I needed to see cows. And green open space between dense clusters of trees. Evidently, I needed miles of road between my heart and the pressures of adulting. In Victor Maymudes’ post-humously published collection of stories about life on the road with Bob Dylan, he conveys the band’s need for the same.

Thinking about the way I seem to need distance; I was momentarily concerned by the itch I sometimes get to just start over. I was questioning if a move further inland would actually accomplish what I have been convinced of, particularly once being ‘new’ wears off … and what if I’m still lonely? Being called to what other people can’t see, or can’t see yet, or can’t help you with is incredibly challenging. Incredibly refining. So when you finally do find a tribe, it hits different. I believe I have; and, I’m not there yet. So there’s space for doubt and chances to curl up and quit.

But God sees me and He is not as kind as I think. He is kinder than that.

So I was thinking about distance and considering – that’s why people have second homes. Because sometimes you need distance to decompress before you can get to the rest.

It’s good that I notice and am aware of the roamer in me that seems to always want to be somewhere else after a while; but there’s a healthy way to honor and indulge that. It’s called vacation, ha. Other people do it all the time.



As I’ve been pressing into what the next season(s) of my life could look like, and where I belong, I’m thinking that the specific location may not be what I initially thought; and surprisingly, I don’t mind. Because sometimes I just need to drive. I understand motorcyclists more now, and truckers … I actually worked as a dispatcher for exactly 4 days recently, ha.

Behind the wheel of my Subaru with the cabin controlled hum of cozy summer air conditioning, and purposefully curated playlists, my heart comes alive in ways it doesn’t walking or being at home. I need miles on the road, as troubadours tend to.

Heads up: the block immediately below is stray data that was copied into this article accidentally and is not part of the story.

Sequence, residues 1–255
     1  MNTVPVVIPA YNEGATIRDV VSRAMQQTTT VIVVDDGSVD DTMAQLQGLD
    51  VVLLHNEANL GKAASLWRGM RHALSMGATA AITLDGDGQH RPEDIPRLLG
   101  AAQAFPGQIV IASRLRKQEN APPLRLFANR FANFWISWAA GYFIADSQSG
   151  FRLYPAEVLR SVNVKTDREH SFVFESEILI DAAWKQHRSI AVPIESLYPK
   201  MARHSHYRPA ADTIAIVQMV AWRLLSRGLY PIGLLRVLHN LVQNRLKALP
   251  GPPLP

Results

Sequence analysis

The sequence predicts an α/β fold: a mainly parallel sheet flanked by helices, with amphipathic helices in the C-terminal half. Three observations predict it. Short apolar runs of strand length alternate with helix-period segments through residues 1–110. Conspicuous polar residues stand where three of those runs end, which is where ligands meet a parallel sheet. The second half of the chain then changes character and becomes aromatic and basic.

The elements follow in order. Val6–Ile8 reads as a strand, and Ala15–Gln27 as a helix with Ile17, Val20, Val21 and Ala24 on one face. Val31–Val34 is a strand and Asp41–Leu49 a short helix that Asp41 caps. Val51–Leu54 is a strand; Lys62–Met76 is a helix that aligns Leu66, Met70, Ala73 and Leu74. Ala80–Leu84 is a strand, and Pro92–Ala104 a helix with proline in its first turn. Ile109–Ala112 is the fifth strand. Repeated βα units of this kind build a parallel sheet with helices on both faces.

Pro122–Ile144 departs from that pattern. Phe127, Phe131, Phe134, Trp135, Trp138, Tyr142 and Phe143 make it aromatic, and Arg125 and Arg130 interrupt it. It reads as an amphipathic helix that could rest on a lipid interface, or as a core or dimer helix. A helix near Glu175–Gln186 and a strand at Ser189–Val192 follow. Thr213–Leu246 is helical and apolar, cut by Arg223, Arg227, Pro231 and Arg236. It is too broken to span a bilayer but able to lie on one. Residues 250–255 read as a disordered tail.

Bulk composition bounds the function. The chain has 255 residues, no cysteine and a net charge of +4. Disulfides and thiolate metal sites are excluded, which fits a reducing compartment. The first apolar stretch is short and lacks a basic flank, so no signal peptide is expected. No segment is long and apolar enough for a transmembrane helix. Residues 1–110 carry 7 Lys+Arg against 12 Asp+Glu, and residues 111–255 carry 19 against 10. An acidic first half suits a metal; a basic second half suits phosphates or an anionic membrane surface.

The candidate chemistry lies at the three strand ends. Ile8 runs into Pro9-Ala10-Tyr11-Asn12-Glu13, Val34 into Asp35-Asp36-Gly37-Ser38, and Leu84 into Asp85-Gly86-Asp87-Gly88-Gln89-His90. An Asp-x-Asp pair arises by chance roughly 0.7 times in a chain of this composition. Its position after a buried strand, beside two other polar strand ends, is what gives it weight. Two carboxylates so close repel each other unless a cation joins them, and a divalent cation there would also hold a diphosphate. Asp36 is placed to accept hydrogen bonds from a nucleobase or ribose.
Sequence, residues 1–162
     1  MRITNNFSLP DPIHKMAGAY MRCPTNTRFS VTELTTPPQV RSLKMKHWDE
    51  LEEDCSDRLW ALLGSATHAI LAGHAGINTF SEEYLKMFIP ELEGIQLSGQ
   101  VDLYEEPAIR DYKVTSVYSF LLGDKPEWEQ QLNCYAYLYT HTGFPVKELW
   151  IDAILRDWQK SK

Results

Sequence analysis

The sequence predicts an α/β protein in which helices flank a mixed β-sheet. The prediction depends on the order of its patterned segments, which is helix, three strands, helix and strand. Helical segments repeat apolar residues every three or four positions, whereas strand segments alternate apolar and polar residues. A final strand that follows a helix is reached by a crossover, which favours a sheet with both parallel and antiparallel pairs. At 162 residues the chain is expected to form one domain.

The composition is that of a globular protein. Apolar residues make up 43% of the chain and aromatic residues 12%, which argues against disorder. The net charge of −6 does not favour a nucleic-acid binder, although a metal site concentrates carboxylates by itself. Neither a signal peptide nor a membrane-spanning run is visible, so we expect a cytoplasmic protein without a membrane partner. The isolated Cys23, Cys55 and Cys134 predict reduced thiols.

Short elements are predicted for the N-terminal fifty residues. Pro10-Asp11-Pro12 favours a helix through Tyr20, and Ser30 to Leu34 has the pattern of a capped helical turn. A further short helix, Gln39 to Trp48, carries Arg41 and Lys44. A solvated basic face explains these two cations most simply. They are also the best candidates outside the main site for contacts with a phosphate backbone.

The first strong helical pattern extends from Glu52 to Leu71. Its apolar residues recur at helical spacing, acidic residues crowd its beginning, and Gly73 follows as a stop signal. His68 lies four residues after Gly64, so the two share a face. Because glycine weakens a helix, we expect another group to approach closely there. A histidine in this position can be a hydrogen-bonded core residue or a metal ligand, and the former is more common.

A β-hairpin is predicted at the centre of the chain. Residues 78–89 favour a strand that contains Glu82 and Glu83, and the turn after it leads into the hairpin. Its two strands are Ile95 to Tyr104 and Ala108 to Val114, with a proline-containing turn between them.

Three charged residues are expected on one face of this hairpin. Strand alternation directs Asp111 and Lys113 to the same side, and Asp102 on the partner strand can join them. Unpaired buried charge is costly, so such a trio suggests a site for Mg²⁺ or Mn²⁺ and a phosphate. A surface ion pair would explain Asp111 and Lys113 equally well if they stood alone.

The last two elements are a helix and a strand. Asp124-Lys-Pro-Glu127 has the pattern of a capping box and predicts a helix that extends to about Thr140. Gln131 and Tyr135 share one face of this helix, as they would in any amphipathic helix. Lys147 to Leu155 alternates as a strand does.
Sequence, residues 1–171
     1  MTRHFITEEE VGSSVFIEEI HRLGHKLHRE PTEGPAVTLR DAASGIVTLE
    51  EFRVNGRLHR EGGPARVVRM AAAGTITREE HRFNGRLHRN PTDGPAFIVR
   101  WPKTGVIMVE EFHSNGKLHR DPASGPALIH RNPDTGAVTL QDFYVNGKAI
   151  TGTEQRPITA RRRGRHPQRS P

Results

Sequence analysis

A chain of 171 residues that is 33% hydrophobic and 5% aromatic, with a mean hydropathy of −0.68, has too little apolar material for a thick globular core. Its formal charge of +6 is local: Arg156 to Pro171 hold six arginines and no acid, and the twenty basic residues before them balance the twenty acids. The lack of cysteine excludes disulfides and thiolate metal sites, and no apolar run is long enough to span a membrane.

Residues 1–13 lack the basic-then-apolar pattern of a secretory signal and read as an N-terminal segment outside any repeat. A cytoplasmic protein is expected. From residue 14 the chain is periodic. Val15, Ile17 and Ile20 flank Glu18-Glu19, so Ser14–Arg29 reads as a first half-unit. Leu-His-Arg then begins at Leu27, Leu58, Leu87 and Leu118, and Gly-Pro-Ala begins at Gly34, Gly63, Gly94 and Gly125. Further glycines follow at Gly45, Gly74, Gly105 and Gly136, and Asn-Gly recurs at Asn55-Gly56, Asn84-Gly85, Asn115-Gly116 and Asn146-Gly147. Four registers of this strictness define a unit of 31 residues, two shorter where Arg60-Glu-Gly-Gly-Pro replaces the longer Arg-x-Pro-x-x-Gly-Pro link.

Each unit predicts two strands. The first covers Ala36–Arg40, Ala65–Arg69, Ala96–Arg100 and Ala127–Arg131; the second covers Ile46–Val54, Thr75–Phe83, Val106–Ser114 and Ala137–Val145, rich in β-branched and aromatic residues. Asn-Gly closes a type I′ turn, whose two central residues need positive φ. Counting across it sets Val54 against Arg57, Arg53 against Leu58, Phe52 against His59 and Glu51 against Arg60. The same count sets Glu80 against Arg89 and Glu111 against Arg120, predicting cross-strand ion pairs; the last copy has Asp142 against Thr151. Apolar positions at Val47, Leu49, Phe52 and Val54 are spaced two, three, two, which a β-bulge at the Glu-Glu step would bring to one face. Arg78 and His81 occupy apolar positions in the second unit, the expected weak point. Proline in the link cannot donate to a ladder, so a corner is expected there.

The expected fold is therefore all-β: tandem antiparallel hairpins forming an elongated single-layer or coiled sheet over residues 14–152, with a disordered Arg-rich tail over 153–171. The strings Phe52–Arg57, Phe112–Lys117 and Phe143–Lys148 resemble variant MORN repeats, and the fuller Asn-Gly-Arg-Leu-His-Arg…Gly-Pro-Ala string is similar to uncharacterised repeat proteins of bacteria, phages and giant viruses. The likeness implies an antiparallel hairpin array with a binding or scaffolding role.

Like many American elementary school students in the 1900s {ha}, field trips were a highlight of a ‘quarter’. I always appreciated and felt seen by my mom’s sacrifices and intentionality to make sure I had a spiffy packed lunch and a few dollars to spend at the gift shops. When I was the youngest, she sometimes chaperoned the trips as well. In my twenties, day trips continued to be a refreshing respite from the comforting monotony of every day life.

As I’ve leaned more into my artistry and what it looks like to serve the Lord with gladness for the abundance of all things – with His full permission to enjoy my life, and understanding that my whole life is an art and a process – the refreshingness of rest, the responsibility to cultivate unexpected holiday muses, and the work of hunting for fresh inspiration are becoming a bit more integrated … the grace-era Sabbath that I think God has had in mind for us all along.

This day was a collection of such moments.

I got some good nuggets on the road that day, and discovered a lingering desire in my heart that I thought had been uprooted. To my pleasant surprise, I was able to patiently explore it with the Lord and with compassion for my younger, current, and future selves … without attaching the weight of my life to an outcome. So often what I have asked God for in place of what I actually desire is the instant relief of mere closure instead.